The Connection Between My Anger & Feeling Powerless

I sometimes struggle with what I call “stupid rage”. It is one of my methods of protection.

It has always been a part of my response system, but in recent years both leading up to the moment when my mind unlocked, as well as once I began healing – it has shown up far more that I want to admit.

I 100% hate it, it must be hard for my daughter to witness, and I absolutely fear the potential long term effects of her seeing how I can lose control. Always for the most menial of reasons, but never disappointing in the over-the-top outbursts from me.

I am getting better at recognizing these episodes in the moment to slow them down, I haven’t quite figured out how to stop them before they start.

Recent Reflections

Recently, on a few separate occasions involving situations with my youngest and with my husband, I found myself fighting off sudden bouts of anger that wanted to escalate.

The first when my husband finally told me after nearly three weeks of health issue, that there was something going on and maybe we should monitor it and call a doctor. I was immediately angry with him. Concerned too, yes – but angry. It took everything I could to not yell at him for throwing this at me when the issue could now be too late to help, and even more to express the concern that I absolutely felt but was too angry to speak aloud.

I am sure other wives and partners would be perturbed by this too – but I doubt to the level I was dealing with mentally.

The second and third instances involved my little one: one situation involved her sticking a bead up her nose and an “almost” ER visit during a pandemic, followed by a bee sting that had her screaming like she’d had her finger cut off.

In both situations I literally did circles where I stood, like a quick 360 degree look at the room would offer answers to fix the problem. In both instances I was snappy and agitated with my husband (who turned into a rock-star each time as he took the lead). At one point I even yelled multiple times “hey siri” at my phone, pissed off that it wasn’t responding to my command as I tried to google remedies quickly.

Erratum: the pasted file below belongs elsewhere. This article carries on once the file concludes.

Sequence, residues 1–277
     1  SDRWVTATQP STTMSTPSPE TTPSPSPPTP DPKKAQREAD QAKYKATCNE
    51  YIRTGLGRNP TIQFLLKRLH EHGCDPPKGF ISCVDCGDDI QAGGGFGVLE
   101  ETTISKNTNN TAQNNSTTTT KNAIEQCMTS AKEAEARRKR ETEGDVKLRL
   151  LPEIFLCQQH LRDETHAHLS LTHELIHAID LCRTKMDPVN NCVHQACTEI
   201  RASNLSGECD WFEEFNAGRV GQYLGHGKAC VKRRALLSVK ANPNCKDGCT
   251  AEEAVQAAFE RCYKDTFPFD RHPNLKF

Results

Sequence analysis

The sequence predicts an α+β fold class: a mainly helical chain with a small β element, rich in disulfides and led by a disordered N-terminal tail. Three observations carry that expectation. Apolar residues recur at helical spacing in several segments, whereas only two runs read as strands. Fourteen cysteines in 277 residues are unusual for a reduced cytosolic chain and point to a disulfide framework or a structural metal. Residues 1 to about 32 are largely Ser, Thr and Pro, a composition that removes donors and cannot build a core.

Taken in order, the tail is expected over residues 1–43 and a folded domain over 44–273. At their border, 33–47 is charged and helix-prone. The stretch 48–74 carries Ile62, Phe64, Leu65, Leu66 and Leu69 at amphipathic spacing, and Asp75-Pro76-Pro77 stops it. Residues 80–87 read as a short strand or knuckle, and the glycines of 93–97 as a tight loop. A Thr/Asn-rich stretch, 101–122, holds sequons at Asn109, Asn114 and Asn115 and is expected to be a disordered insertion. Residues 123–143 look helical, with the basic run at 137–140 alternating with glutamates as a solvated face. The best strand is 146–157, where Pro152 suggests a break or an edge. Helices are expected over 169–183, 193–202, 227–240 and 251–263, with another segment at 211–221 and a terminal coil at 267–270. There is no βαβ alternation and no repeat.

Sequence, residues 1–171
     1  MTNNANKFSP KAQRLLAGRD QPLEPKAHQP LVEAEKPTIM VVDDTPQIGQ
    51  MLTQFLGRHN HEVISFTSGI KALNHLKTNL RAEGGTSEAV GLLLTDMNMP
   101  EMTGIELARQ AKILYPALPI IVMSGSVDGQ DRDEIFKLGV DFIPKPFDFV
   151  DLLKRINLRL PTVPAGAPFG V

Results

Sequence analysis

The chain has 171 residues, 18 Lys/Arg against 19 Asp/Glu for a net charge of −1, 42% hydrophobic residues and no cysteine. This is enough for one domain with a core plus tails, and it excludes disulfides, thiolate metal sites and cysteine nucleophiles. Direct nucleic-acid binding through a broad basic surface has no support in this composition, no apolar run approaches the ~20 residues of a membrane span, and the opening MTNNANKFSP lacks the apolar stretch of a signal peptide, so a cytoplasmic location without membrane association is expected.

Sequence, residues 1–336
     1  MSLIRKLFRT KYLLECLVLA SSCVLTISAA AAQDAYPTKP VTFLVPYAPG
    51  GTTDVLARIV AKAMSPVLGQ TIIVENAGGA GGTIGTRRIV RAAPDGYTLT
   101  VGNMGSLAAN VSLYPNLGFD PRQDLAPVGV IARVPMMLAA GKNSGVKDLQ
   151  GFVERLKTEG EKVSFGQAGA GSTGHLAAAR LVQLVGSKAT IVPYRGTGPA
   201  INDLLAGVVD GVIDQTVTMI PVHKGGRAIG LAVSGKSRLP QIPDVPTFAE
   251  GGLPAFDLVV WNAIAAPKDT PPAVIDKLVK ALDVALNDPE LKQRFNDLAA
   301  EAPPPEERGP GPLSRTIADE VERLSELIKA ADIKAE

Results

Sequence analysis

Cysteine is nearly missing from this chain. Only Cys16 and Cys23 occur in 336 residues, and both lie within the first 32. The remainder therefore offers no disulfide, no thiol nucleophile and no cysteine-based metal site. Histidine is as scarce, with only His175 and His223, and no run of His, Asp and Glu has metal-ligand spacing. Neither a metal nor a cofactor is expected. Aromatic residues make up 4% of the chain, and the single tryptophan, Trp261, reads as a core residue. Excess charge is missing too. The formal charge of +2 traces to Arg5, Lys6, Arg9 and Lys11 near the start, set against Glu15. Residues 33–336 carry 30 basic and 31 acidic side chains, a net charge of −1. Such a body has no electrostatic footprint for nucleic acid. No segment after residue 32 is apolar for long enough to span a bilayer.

Just picture that – me in a fit of rage screaming at my phone as angrily as I can muster because it won’t listen.

What must my child have thought in those moments when she needed me and I was angry?

Ugh, stupid rage.

The Common Denominator

Every time I go through an episode of rage, I feel drained, embarrassed, guilty, and ashamed. I know better, yet I struggle to control it when it happens.

Every time it happens, I do what I can to reflect on what the hell is going through my mind and body in those moments. What am I feeling, what am I thinking?

I think I figured it out.

In those moments – I feel completely and utterly powerless. The more powerless I feel, the angrier I seem to get.

My traumas have hardwired a deep need for control into me, and when I feel like I am loosing that control, my response is rage

Addressing Powerlessness

I don’t necessarily have the answer at this point on exactly what I need to do to get a better handle on my response to powerlessness. If I did, stupid rage wouldn’t be a challenge to me.